Five Must-Read Tips to Self-Grade an MEE
Self-grading is the process of comparing your answer to the model answer and grading it yourself. Self-grading is better than simply handing your essay in to be graded because you will truly internalize the feedback you give yourself and you will remember it better. You can also do it instantly after writing your answer so that the facts are fresh in your mind. (Note: It is not a bad idea to hand your essay to a different person to be graded. Self-grading simply has distinct advantages that do not come with handing in your essay. We have our students do both—self-grade then hand it in.)
Self-grading is one of the most important parts of bar prep. You can do all of the practicing in the world, but you need to evaluate where those practice attempts go wrong (and what you do well). This post will explain how to self-grade an MEE. It really is a critical step that can’t be ignored! Maybe you’ve missed a critical fact that could have led your essay in a completely different direction. You’ll never know this if you don’t compare your answer to the model answer! Don’t be afraid to look at what you did wrong. That is how you learn! So, here are five must-read tips to help you self-grade an MEE.
Five Must-Read Tips to Self-Grade an MEE
1. Use a different color text to make corrections.
It is important to get yourself into the mindset of a grader when you self-grade an MEE. You want to be able to easily identify what you’ve done wrong so that you can improve for the next time. Don’t be discouraged if your essays have lots of added text in another color. These are just practice essays! You need to be able to easily see where you are having problems. After you’ve done a few essays, you can compare them and maybe notice patterns in your errors. If you just make additions or changes in the traditional black font, you’ll never remember were you went wrong. And you won’t be able to quickly review your essays. You don’t need to pretend your essays were perfect. When you self-grade an MEE, your goal is to learn from your mistakes. Embrace them!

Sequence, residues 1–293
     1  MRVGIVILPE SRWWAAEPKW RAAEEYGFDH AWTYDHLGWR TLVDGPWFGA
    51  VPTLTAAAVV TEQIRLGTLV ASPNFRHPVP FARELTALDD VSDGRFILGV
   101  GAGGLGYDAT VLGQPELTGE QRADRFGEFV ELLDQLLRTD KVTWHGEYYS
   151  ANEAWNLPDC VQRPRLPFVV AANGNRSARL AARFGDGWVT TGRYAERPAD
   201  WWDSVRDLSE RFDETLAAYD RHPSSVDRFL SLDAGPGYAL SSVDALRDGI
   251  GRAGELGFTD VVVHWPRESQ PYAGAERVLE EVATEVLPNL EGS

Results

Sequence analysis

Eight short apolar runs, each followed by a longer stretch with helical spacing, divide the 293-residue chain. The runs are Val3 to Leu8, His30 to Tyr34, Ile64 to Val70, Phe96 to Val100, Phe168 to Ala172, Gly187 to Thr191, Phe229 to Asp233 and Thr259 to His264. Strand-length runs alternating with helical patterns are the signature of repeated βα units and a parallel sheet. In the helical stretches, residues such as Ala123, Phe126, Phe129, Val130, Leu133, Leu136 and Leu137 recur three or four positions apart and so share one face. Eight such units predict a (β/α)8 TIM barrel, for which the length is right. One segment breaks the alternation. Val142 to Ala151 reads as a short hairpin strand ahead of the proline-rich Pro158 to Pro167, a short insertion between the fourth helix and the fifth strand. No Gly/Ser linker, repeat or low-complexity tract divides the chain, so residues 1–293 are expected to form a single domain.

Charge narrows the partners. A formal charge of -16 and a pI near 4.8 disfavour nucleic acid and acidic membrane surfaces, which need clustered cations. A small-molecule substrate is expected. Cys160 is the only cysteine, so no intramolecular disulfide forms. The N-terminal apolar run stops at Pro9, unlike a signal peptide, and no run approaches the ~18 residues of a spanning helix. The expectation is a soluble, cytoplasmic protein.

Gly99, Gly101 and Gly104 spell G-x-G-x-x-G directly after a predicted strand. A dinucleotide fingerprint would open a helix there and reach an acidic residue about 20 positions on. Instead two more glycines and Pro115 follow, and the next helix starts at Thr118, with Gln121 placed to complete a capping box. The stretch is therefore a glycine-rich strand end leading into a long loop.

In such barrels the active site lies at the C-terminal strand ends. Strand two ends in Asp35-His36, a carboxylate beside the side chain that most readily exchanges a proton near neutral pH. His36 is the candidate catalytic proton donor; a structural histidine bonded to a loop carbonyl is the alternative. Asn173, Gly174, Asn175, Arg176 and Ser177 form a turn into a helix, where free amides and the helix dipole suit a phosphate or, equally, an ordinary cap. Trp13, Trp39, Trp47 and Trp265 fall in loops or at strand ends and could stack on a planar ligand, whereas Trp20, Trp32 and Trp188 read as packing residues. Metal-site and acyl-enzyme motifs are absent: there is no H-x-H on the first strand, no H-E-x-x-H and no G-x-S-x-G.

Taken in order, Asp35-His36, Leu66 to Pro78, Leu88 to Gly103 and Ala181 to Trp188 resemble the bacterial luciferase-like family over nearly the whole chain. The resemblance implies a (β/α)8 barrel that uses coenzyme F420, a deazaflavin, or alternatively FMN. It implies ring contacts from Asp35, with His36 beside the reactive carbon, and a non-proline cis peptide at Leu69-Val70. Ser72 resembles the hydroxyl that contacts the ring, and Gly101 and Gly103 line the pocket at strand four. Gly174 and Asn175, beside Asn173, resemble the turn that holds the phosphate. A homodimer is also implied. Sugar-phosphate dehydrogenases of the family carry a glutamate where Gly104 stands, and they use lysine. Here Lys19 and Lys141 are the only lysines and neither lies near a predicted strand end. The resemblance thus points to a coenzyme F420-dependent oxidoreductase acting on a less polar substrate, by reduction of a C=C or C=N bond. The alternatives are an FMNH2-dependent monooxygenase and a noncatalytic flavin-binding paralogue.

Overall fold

2. Make sure you’ve spotted all the proper issues.
One of the most common mistakes on the MEE is not spotting the issues properly. Sometimes you’ll think you’ve written the perfect essay, but then realize you left out a substantial discussion of an entirely separate issue. When you self-grade an MEE, make sure you have identified all of the major topics that the question calls for. Go through the model answer and check to see that you’ve hit on all the key points. If you left something out, add it in! Always correct your mistakes. Think about why you might have missed that discussion, and what fact should have clued you in to its importance. After enough practice, you’ll notice that you’re adding fewer and fewer things in your self-grading process. Sometimes it takes a few essays of combing through those model answers for you to understand how to identify all the necessary key points. Just keep pushing through it!
3. Check that you’ve accurately restated the rule.